Differences between lime & lemon juice

Updated April 17, 2017

Lemons and limes appear very similar except for their colour. Their juices also may appear similar except for the colour of the bottle. Both juices also are fat-free. While these two fruit juices may appear similar, their subtle differences are the juicier story. Their difference starts with where they originated. Limes originated in Southeast Asia and lemons in China or India, according to WHFoods.

Lemon Juice is More Tart

A study by the NIH found that lemon juice has slightly more citric acid than lime juice. Lemon juice contained 1.10g per ounce, while lime juice contained 1.06g per ounce. Both are good sources of citric acid, which helps cleanse the kidneys and prevents kidney stones, according to TheJuicingCafe. Citric acid is also said to get rid of bloating and is used in the treatment of alcoholism and for detox treatments.

Limes are More Nutritious

Lime juice has higher nutritional value than lemon juice. Lime juice has higher levels of calcium, iron, phosphorous, vitamin A, vitamin C and folate, according to Diffin. However, lemon juice has slightly higher concentrations of magnesium and potassium. These vitamins are said to fight heart disease, inflammation, and cancer.

Lemon is Used as an Antiseptic

Lemon juice is more frequently found in soap and hand washes. This is because lemons have an antibacterial and antiseptic capability, according to This is why you use lemon lozenges instead of lime ones when you get a soar throat. Lemon juice can also be used to treat minor poisonings. For instance, the acid in lemon juice neutralises ammonia. Lemons are also more often used in beauty products, to treat acne and to highlight hair.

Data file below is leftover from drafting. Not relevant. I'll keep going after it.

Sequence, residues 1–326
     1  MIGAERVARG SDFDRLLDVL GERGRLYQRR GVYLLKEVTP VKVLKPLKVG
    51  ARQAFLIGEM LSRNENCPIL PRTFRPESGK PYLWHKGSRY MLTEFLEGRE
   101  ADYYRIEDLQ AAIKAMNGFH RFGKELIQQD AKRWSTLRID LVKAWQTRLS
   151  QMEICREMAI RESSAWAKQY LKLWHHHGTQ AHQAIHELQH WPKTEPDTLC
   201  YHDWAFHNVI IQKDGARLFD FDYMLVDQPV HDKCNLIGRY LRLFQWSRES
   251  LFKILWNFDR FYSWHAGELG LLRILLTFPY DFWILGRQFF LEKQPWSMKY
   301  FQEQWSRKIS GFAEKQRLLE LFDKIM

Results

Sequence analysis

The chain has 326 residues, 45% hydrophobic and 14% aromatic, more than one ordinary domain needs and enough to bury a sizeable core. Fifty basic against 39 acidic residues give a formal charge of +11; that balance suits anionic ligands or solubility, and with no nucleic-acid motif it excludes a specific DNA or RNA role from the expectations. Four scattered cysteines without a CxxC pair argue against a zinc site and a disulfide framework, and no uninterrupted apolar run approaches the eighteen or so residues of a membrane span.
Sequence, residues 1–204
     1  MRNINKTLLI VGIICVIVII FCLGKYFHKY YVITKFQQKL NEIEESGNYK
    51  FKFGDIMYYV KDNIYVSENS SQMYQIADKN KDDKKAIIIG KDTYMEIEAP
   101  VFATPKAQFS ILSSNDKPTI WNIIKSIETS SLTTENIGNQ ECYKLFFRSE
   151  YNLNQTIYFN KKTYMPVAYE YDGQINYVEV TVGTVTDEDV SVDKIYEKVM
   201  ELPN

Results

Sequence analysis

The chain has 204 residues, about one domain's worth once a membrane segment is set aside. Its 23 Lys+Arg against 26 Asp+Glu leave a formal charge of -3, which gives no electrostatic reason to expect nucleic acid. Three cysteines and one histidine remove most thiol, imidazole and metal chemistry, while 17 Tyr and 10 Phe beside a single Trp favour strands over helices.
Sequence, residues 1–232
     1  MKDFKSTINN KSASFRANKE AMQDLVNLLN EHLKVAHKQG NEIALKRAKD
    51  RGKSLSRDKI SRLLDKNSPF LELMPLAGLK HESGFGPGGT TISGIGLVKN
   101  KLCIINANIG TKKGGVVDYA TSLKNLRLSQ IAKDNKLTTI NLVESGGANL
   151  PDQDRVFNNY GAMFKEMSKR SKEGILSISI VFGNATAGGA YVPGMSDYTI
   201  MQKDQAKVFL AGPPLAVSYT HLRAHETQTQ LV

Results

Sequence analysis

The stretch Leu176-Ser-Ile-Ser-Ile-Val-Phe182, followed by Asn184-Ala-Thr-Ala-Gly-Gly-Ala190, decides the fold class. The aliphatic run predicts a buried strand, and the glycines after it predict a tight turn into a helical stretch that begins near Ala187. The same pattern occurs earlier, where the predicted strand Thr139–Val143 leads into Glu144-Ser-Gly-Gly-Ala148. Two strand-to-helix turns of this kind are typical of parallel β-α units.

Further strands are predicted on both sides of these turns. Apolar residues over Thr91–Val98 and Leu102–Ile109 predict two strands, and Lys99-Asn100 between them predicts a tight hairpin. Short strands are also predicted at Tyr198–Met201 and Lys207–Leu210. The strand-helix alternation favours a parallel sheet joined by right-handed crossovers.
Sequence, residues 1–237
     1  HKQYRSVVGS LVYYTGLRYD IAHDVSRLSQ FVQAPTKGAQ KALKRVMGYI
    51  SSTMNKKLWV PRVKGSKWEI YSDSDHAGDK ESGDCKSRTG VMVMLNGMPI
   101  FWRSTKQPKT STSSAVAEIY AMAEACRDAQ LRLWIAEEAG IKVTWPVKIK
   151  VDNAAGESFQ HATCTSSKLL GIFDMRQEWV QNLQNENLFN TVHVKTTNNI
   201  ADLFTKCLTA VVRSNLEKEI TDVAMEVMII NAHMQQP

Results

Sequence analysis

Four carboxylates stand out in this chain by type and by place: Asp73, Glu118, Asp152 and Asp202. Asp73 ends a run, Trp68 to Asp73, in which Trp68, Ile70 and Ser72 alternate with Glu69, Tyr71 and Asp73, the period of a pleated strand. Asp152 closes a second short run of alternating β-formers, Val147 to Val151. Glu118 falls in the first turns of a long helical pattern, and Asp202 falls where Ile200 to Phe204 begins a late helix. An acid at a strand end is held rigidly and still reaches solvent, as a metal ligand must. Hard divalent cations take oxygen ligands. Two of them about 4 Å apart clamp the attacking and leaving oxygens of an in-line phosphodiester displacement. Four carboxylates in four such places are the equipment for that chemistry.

Use in Cooking

Lemon juice is often used in marinades, salad dressings and on fish to brighten the flavour of the food. Its acidity makes food taste sweeter and less tart. For instance, lemon is paired with honey in tea. Lime juice is more often used to make food taste more zesty, such as in South American and Caribbean dishes with heavier meats to accompany salty or spicy foods. Lime juice is also used more often to flavour deserts than lemon juice.

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About the Author

Maria Woehr is a journalist with over 10 years of professional writing experience. She started editing in 2006 and has been published in "The Westfield Leader Times," "Insurance & Technology Magazine," "InformationWeek," "Positive Thinking Magazine," "Go Magazine," "The Deal," "The Financial Times" and many other outlets. She is a graduate of Boston University and has a master's degree from Drew University.